It can be said that our nation's prosperity is tied to the prosperity of our rural communities.This is especially true in Arkansas, where agriculture has always been a tradition and a big part of our economy. However, the irony of it all is that the same families who have spent centuries in rural Arkansas, producing food for thousands across the globe, now live in areas where food is most scarce. The numbers speak for themselves; so do the stories:
A man in his 20s in Van Buren County is unable to find work in an area where there are very few jobs, and those available are more concentrated in low-wage industries.
An elderly woman in Dumas dreamed she was standing in a large room and handing out food to people of all ages and races who were reaching their hands up to her. She awoke from the dream saying, "Help them all; help them all." Her husband woke up too and asked, "How can you help all of them when you don't have anything to help yourself?"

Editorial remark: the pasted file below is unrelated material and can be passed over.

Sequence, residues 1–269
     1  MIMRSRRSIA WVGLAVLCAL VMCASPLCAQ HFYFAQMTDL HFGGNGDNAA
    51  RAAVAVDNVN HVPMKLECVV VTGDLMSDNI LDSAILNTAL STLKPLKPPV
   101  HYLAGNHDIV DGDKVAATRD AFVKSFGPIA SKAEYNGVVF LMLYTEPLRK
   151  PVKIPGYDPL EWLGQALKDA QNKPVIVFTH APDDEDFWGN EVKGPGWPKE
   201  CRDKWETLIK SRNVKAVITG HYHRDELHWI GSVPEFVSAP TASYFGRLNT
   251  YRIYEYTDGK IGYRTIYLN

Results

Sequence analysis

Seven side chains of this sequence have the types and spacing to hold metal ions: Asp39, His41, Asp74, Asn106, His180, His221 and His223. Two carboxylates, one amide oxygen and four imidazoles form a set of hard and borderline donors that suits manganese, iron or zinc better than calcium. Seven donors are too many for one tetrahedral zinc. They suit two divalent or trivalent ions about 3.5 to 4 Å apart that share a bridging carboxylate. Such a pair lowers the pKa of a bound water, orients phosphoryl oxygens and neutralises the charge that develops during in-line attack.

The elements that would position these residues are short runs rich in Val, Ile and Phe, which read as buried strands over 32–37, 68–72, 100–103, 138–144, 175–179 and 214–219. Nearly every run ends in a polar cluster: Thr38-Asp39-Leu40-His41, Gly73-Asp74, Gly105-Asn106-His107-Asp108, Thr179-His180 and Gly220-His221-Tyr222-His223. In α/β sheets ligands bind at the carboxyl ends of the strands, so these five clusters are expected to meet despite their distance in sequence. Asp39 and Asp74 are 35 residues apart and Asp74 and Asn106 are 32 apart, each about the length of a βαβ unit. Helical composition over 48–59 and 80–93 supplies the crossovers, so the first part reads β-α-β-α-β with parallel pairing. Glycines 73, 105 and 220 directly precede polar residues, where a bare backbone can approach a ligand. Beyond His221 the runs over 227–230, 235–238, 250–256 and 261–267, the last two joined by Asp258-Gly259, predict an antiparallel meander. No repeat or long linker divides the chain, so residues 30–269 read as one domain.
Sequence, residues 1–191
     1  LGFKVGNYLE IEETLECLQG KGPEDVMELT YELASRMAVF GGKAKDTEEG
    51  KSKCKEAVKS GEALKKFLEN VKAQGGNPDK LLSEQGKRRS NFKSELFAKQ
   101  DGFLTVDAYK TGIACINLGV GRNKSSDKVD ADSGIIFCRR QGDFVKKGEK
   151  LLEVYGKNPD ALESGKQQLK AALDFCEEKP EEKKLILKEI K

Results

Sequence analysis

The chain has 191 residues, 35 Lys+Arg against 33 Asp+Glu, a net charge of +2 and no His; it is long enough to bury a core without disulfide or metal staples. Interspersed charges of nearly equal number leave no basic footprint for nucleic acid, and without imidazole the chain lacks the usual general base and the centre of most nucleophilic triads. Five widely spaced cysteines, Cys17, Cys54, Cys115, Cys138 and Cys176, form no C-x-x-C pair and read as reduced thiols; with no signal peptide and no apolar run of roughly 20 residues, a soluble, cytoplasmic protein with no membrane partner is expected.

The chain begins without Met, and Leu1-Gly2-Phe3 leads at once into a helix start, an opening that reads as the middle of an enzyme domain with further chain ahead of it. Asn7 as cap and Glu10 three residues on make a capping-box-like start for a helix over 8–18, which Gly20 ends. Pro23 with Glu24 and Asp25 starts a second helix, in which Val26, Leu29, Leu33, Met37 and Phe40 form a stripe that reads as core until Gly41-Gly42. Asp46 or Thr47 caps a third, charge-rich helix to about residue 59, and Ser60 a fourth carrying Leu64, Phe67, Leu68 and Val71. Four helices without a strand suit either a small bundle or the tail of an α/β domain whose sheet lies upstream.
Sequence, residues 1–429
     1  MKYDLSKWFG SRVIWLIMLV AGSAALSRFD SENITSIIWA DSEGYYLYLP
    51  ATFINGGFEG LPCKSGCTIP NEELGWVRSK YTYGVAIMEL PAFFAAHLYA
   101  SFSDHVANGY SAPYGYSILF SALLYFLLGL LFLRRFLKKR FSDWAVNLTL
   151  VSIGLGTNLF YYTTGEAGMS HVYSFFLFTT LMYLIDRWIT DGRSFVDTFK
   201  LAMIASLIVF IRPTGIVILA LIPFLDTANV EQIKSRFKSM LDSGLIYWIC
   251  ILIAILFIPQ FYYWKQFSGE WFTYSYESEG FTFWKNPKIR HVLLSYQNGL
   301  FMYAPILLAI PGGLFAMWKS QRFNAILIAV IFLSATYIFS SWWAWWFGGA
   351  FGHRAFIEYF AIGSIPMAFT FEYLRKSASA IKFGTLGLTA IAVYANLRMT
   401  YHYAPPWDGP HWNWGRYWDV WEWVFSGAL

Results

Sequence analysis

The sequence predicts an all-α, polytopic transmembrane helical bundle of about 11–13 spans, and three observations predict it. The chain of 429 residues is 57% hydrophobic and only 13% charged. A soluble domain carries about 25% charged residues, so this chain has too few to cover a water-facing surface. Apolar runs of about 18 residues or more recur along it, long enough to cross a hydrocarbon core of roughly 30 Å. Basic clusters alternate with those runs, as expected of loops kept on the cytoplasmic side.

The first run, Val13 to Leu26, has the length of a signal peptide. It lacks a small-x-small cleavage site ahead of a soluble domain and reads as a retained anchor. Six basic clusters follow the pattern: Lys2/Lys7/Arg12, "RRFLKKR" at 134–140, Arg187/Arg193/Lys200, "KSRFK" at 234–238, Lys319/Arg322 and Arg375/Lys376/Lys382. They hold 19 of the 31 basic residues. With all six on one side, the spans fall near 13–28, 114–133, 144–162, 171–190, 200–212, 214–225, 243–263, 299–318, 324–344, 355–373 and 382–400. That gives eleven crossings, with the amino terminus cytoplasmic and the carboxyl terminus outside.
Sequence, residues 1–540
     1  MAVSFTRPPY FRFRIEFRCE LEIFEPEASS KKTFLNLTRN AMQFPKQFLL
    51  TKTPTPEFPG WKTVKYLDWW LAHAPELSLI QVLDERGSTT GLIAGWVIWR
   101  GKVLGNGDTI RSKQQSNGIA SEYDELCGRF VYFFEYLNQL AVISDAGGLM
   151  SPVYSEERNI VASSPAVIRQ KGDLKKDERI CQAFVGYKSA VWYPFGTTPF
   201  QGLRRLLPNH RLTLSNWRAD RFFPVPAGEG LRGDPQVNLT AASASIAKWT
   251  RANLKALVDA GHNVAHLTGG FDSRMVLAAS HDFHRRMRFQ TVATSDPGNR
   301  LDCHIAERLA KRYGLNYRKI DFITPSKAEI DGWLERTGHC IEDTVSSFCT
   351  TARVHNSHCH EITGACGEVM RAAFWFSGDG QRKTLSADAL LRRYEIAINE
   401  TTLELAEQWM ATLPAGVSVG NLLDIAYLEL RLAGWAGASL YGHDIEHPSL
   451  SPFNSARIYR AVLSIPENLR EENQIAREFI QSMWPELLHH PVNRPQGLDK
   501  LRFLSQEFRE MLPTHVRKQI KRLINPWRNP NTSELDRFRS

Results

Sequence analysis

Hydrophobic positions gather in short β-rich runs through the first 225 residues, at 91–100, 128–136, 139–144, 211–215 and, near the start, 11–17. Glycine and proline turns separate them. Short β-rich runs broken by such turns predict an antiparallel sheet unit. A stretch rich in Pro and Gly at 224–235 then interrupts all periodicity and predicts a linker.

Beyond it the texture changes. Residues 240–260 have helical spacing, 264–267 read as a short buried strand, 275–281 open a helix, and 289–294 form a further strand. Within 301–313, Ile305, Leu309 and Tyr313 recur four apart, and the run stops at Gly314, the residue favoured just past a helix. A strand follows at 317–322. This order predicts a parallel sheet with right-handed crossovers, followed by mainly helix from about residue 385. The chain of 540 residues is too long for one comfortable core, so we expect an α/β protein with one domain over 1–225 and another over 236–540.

And in Eudora, a mother of two drove 15 miles to the nearest pantry, only to be turned away because they didn't have enough food to support anyone outside their area.
These are just some of the harsh realities that those in rural Arkansas face on a daily basis. And that's why the Foodbank has become more aggressive than ever in feeding Arkansas' underserved counties.